Cynthia Thurlow: Yeah, it's interesting. The media likes to just be sensational and sensationalize information. As soon as it came out, I went and pulled the study, and looked at it, read through it, and most of my clinical peers felt very similarly that when you're looking at research, and I'm not sure. If you've talked about this on the podcast before when you're looking at research, you want to look at how many people were enrolled, were they healthy, was there a breakdown? One of the things that stood out almost automatically was that I think the BMI range like as an example. Body mass index, which isn't per se necessarily, particularly accurate, especially if you're muscular. But the body mass index was between 28 and 40. And for context purposes, a BMI of 30 and above is obese and then 40 and above is considered to be morbidly obese for most metrics that are used. It stood out to me initially, they're saying that no one is diabetic. But yet, clearly, this is not the healthiest population of people to start with. That was the first thing that stood out.
Another thing that stood out for me was that in terms of looking at the population, there was no accountability for physical activity. They weren't observing people eating and they had some degree. I forget how the terminology they use, but there was some type of processed food products that they were expected to consume. We don't really know, per se, and this is why nutritional science is so confounding is that it's actually very hard to track with every single thing people put into their mouths, unless they're in a controlled environment. So, those were the first two things that stood out to me. How about you, Melanie? When you were looking at the research what stood out for you?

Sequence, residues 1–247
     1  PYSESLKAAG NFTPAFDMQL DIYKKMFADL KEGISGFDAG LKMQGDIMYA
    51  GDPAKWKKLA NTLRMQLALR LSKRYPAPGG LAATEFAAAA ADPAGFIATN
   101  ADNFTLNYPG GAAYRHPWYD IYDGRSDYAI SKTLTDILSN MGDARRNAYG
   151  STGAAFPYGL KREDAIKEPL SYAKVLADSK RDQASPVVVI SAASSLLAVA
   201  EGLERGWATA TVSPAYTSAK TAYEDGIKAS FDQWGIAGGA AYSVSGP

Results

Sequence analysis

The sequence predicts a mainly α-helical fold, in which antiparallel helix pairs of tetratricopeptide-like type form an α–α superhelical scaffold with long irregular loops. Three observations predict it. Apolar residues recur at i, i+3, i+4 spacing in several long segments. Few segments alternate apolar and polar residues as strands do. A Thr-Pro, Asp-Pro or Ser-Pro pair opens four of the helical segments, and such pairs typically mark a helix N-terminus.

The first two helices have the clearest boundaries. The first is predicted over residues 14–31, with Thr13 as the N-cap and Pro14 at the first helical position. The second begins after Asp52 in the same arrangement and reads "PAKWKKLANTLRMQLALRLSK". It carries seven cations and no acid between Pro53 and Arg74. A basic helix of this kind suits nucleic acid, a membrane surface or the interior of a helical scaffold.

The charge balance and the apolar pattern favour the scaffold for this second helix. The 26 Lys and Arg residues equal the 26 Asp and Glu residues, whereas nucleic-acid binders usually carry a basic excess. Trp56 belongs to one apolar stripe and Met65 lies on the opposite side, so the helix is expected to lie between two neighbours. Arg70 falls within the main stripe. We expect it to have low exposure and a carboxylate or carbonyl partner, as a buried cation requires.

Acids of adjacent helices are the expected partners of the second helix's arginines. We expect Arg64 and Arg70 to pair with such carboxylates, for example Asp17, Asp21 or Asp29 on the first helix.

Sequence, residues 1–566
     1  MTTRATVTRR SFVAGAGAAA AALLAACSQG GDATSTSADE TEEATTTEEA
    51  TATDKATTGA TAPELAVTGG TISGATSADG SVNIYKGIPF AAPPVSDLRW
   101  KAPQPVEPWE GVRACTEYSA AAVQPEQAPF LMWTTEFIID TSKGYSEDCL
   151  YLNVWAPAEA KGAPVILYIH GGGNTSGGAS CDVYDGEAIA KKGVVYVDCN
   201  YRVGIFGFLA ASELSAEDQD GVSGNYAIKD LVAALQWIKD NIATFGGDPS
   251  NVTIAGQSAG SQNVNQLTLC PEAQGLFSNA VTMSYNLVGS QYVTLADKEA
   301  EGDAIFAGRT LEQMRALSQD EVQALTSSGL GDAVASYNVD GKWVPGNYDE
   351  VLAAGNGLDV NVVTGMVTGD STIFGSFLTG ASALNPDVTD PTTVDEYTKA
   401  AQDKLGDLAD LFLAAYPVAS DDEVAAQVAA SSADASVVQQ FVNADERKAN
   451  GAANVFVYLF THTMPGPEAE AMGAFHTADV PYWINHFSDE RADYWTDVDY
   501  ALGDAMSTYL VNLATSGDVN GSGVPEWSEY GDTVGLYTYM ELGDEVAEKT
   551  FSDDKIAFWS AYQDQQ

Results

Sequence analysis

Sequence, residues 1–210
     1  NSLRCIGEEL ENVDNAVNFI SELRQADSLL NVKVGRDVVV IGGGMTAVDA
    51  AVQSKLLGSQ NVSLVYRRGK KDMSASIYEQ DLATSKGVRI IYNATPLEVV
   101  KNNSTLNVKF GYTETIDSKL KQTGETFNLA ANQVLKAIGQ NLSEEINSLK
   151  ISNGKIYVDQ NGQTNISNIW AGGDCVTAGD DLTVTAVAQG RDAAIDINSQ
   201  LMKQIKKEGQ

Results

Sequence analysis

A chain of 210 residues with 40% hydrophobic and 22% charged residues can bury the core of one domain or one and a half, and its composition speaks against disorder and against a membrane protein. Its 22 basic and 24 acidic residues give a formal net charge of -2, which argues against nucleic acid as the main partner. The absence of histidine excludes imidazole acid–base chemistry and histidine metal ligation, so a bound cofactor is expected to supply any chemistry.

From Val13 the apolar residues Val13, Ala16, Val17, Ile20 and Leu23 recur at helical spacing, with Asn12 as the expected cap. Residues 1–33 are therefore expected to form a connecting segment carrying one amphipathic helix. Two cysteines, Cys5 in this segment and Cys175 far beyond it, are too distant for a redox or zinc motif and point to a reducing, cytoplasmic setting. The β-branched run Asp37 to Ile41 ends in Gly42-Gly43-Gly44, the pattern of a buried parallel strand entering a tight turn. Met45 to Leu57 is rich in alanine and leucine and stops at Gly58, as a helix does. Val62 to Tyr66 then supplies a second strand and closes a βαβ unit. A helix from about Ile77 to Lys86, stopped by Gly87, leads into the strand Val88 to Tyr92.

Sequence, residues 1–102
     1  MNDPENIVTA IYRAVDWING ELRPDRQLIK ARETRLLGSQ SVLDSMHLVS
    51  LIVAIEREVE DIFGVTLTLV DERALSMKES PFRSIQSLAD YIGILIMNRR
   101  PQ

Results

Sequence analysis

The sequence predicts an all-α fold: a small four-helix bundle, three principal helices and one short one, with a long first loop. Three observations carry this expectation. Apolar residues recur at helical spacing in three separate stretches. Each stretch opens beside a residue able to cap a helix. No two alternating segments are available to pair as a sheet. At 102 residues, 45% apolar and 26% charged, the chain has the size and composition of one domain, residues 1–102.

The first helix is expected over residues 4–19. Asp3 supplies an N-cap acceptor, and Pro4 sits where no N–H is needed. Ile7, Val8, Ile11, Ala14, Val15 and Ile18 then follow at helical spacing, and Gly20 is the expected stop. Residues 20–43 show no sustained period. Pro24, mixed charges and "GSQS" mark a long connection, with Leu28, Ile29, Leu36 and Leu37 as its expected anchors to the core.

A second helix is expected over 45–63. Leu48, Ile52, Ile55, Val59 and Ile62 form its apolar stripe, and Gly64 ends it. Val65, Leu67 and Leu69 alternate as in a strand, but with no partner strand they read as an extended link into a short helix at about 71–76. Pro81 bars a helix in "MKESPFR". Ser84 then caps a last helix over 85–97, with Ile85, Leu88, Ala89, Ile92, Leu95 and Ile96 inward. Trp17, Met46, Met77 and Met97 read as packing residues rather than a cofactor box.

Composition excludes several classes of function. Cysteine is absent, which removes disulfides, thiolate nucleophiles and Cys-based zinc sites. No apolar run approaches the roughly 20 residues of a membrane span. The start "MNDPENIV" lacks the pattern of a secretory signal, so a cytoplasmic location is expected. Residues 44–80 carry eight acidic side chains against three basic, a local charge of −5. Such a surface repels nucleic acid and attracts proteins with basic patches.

Melanie Avalon: Yeah. I actually have it pulled up right here, so they can comment on what they were eating. They were following, for men, it was a 1,500 to 1,800 calorie per day diet and women, it was a 1,200 to 1,500 calorie per day. And then that processed food you were talking about was they were provided one protein shake per day for the first six months to help improve adherence, which speaks to what you just said that it's difficult when it's an outpatient study, where it's not controlled, [chuckles] where they're not in a metabolic ward receiving all of their food, it's difficult to actually have people to know exactly what they're eating and if they're adhering.
That was one of the big things that stood out. Because the study is talking about the benefits of intermittent fasting versus calorie restriction. It's actually shocking to me that they did not pull the participants on their ease of use. They didn't ask them at all about their psychological experience of it, because oftentimes, they'll ask that in studies. I forget the terminology they use, but it'll be like, "Was it difficult or not?" And they didn’t ask them that at all. We have no idea if the people who were doing the calorie restriction versus the fasting and calorie restriction, if one of those was an easier protocol to follow or not, which would have major implications for how this actually would apply to real life.